At the heart of Japanese philosophy and wisdom lies a concept called ‘Wabi-Sabi’, a term which denotes a commitment to the everyday, the melancholic, the somewhat broken and the imperfect.

Wabi-sabi denotes the appreciation of the aesthetic of the imperfect, impermanent, and incomplete, of the humbly unconventional.

It is a term and a philosophy I think we need a lot more of in our lives.

Even though we are always obsessed by perfection, perfect looks, perfect life, perfect gadgets, there are ever many things that are not imperfect.

No matter how hard we try to be display perfection, no one is perfect.

Wabi Sabi refers to the beauty of the imperfect, the rustic, and the melancholoy.

I love the term melancholy. 🙂

Wabi Sabi is more about fragile, slightly broken, and modest.

Wabi Sabi believes the things are always more beautiful carrying the marks of age and individuality.

A beautifully repaired crack on a piece of pottery are to be appreciated rather than discarded.

Wabi = originally meant the misery and loneliness of living in nature, away from human consolation.

Its meaning has now shifted, to an almost exquisite bitter sweet melancholy, a being on one’s own.

Wabi refers to the kind of beauty found in asymmetrical, uneven or unbalanced things. The asymmetry of a ceramic bowl is an example of wabi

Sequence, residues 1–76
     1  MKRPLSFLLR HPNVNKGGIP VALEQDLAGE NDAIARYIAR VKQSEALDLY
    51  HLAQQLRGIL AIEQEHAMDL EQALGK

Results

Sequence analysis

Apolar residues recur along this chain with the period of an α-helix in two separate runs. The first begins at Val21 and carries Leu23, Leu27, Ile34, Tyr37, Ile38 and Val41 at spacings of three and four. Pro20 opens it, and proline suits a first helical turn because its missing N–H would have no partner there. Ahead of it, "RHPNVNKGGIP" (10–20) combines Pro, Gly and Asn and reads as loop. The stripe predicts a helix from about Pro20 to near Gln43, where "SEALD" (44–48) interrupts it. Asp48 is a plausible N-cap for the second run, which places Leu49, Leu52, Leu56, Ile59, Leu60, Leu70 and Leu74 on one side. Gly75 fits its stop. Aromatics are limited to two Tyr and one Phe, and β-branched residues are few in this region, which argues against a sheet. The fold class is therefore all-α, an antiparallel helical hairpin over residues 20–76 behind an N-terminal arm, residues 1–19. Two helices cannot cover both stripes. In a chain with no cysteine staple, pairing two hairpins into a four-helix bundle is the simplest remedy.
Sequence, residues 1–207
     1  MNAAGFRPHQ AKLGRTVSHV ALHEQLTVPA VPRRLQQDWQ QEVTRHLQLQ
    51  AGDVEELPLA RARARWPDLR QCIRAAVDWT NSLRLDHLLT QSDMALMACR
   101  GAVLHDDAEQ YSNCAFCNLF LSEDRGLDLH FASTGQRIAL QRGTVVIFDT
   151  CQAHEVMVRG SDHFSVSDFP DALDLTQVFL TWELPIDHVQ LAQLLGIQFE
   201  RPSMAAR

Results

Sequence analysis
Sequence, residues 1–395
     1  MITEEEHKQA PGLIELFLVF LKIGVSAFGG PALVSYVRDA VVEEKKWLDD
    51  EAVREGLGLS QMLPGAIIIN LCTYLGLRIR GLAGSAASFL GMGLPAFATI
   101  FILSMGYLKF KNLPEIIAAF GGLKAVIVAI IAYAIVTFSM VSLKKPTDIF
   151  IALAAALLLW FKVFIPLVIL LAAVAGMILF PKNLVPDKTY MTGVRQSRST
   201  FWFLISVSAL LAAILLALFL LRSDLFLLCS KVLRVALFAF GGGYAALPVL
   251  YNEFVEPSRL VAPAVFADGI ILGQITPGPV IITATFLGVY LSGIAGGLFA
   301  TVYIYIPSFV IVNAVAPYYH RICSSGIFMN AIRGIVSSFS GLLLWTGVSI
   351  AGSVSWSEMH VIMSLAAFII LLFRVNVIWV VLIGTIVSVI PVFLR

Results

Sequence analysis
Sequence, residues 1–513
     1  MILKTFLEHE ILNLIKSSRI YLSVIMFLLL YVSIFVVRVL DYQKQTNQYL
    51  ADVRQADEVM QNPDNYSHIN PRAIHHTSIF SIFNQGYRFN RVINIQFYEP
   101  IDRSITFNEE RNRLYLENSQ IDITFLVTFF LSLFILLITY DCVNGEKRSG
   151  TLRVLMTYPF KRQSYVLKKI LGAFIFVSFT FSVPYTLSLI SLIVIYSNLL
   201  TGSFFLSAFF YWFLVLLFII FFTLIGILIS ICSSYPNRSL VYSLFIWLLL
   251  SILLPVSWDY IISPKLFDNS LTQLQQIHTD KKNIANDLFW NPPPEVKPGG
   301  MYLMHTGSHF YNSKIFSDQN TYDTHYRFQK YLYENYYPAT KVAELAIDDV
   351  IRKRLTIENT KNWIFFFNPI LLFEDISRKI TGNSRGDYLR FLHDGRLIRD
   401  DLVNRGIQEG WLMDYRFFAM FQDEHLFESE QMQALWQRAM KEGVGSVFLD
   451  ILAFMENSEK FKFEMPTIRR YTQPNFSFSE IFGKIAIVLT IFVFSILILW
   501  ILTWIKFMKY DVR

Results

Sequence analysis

Sabi = originally meant chill, lean, or withered, now denotes the marks of aging and wear, which can enhance an object.

It refers to a positive impermanence and the welcome and noble signs of time.

The ancient pattern of a pot or a crack beautifully mended are now called Sabi.

Sabi is the beauty of aged things and speaks to the impermanence of life through the passage of time. An example of sabi is the lovely patina found on a rusted old metal wall.

With the ideals of Wabi-Sabi in mind, may we learn to find greater satisfaction in the humble moments, in the walk down a crocked path, or a slightly overcast weather, or a less than blemish free house, face or soul.

If you are intending to start a business or just start, do not wait for a perfect start. Start with what you have and where you are.

Wabi-Sabi does not expect a perfect start, but a start that can be perfected later.

Wabi-Sabi is a philosophy of achieving perfection through imperfections.

Things that might not work, but do it anyway.

The ideas, products and services may not be 100%, but try them anyway.

If you are going to offer something that is imperfect, by all means, make it as good as you possibly can, but embrace the fact that you are not selling perfect. You are selling interesting. You are selling possibility. You are selling connection. 

More effort creates beauty and magic and remarkability.

Perfectionism is a false hope and a place to hide.

Effort, on the other hand, is our best chance to do work that truly matters.

One thought on “Starting with Wabi-Sabi

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